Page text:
EU courts handle cases of considerable importance for European citizens and policymakers, yet we know little about the ideology of EU judges and how it might influence their decisions. Drawing on a new study, Wessel Wijtvliet and Arthur Dyevre demonstrate that the median ideological position of a judicial panel is a significant predictor of rulings on competition and state aid cases.
The appointment of Amy Coney Barrett to the United States Supreme Court shortly before the US presidential election brought a flurry of comments about her ideological leanings and the impact she might have on the position of the Court during a Biden presidency. Yet neither that, nor the partisan wrangling that accompanies judicial appointments, is particularly unusual in the United States, where US Supreme Court justices attract considerable media attention and the influence of ideology is both well documented by a vast body of academic research and fully acknowledged by court watchers.
In comparison to US federal judges, European Union courts labour in relative obscurity. Whether it is about the integration process and the supremacy of EU law, privacy and data protection or anti-competitive practices, EU courts handle cases of considerable significance for Europeans and EU policymakers, easily putting them among the world’s mightiest judiciaries. Yet little is known about the ideology of EU judges and how it might influence the direction of their rulings.
Academic research into the influence of ideology has been hampered by the institutional setup of EU courts, which precludes the disclosure of individual votes and opinions. The secrecy surrounding the internal deliberation process means that most of the techniques employed to investigate judicial ideology in the American context are inapplicable to EU courts. Scholars have thus been left with crude proxies such as the partisan affiliation of the appointing government or the legal tradition of the appointed magistrate to try and track ideological variations and link those to case outcomes.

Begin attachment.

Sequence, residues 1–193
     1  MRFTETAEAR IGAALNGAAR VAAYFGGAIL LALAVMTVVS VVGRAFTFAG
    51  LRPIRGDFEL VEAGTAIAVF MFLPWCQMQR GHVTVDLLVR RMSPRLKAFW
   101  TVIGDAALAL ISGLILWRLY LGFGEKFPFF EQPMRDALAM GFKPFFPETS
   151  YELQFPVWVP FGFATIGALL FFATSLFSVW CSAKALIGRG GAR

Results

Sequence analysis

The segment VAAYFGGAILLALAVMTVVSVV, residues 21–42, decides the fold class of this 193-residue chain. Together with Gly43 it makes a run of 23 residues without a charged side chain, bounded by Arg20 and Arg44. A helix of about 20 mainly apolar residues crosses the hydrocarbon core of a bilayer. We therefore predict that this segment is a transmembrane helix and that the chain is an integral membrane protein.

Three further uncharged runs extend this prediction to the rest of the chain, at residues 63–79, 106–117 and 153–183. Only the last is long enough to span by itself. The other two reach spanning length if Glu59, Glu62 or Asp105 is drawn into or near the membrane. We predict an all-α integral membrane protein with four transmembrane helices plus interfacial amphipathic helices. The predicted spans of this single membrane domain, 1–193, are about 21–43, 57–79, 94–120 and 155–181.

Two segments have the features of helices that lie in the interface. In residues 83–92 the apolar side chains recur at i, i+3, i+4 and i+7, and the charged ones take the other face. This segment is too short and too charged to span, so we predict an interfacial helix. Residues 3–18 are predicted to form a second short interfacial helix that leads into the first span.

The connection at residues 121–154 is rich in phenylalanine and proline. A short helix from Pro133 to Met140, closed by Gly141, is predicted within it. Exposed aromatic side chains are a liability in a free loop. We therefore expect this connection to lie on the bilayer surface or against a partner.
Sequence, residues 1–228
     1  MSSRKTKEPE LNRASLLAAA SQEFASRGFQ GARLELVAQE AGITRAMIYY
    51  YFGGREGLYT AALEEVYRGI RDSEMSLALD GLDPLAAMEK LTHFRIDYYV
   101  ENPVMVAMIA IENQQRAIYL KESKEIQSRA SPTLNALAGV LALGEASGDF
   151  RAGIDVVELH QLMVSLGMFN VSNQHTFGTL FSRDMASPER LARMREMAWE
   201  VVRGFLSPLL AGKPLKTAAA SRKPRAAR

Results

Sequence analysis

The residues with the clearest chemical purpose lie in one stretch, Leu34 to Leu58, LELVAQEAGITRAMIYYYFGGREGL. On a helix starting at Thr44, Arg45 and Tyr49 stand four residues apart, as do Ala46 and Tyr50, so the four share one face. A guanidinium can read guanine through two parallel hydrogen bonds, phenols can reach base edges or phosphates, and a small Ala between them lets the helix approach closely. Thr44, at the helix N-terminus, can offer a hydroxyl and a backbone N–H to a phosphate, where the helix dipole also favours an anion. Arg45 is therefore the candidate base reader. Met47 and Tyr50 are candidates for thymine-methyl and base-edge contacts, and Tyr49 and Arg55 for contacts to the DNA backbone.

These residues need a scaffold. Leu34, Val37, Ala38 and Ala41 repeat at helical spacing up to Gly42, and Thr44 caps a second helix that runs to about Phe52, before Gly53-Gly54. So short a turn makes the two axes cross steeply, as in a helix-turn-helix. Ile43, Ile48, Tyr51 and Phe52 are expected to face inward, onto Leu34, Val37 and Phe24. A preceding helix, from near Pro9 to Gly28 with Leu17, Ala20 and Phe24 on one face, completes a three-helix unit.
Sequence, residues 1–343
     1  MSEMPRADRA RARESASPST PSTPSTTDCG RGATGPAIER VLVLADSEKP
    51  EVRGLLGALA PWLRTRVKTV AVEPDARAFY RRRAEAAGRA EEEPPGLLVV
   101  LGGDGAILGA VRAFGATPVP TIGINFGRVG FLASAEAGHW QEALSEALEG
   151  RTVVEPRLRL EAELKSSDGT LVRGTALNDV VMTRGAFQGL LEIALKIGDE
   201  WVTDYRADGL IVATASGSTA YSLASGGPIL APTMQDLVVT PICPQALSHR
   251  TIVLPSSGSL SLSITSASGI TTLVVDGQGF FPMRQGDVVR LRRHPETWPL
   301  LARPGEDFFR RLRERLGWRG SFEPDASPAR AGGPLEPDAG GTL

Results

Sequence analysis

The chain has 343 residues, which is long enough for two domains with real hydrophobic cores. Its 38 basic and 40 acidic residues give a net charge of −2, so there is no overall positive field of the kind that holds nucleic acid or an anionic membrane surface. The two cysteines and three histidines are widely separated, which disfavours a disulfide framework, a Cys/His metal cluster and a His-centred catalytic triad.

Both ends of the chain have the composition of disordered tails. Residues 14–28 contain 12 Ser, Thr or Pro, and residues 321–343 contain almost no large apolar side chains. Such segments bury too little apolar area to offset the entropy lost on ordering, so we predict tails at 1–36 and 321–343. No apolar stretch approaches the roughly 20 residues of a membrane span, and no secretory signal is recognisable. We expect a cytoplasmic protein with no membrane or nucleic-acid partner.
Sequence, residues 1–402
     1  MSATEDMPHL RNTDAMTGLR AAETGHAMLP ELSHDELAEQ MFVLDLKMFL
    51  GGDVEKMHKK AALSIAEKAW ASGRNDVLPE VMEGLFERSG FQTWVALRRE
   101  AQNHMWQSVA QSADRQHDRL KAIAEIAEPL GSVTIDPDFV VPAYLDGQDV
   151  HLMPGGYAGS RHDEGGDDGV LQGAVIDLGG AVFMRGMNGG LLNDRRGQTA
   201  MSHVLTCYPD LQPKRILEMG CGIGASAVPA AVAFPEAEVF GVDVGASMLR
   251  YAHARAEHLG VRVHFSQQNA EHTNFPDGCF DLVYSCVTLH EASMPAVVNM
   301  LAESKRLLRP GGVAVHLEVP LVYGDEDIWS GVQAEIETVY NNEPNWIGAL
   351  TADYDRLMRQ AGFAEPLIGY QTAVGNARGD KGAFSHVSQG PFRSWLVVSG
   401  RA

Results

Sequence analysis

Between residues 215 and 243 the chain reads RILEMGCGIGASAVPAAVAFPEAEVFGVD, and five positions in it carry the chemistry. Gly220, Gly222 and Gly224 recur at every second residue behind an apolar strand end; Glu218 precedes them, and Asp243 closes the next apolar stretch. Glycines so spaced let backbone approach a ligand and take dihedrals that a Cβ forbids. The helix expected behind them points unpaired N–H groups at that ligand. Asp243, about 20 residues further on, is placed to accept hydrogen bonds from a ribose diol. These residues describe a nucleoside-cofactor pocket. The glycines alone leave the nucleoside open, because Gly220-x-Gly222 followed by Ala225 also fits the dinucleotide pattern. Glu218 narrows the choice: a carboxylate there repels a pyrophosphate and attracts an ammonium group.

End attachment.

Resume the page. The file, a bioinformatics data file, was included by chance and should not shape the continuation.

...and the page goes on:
In a recent study, we seek to shed new light on the effect of ideology on EU courts by using an alternative measure of judicial ideology. We asked 46 legal experts to rate 51 judges of the General Court of the European Union on three dimensions: (1) attitude towards market regulation, (2) attitude towards European integration and (3) legal expertise. We then took the average of these ratings to compute the judicial scores displayed in Figure 1.
Figure 1: Judicial scores of General Court judges generated from expert ratings
Note: For more information, see the authors’ accompanying paper in European Union Politics.
Consistent with prevailing perceptions in legal circles, former civil servants (such as French judge Legal or German judge Dittrich) score high whereas judges with a background in private legal practice (including Dutch judge Van der Woude and British judge Forwood) score low on the pro-regulation dimension. Scores on this dimension are also correlated with attributes of the appointing member states, such as perceived ease of doing business and membership of the former Socialist bloc, which suggests systematic cross-national disparities in appointment dynamics.
Drawing on these judicial scores, our study found robust evidence that, in competition and state aid cases, panels with a more pro-regulation median judge favoured the European Commission over private litigants. Whereas EU studies imply that attitudes towards integration should define the dominant ideological cleavage on EU courts, we found less robust evidence for the influence of Europhilia.
To be sure, ideology cannot explain all variations in judicial outcomes. Yet its effect is far from negligible. A one-unit increase in the pro-regulation score of the panel median reduces the probability that the panel will rule against the European Commission by 10 to 19 per cent. The effect of Europhilia is somewhat smaller and varies between 4 and 7 per cent, depending on econometric specifications.
While our empirical findings challenge the premise of much of the EU judicial politics literature that Europhilia forms the primary dimension of contestation among EU judges, they are consistent with research on US federal courts, which has shown that variations in attitudes towards private business define the central ideological cleavage in economic cases.
Our empirical analysis does not rule out the possibility that the weight of ideological motives might differ in other areas of EU law, notably where disputes pertain to the interpretation of competence provisions and the allocation of powers between EU institutions and national governments. Yet our study shows how our measurement strategy might help future researchers to surmount the practical hurdles stemming from the opacity of the internal deliberation process. Slowly but surely, social science will pierce the veil of secrecy of EU courts.
For more information, see the authors’ accompanying paper in European Union Politics
Note: This article gives the views of the authors, not the position of EUROPP – European Politics and Policy or the London School of Economics. Featured image credit: Court of Justice of the European Union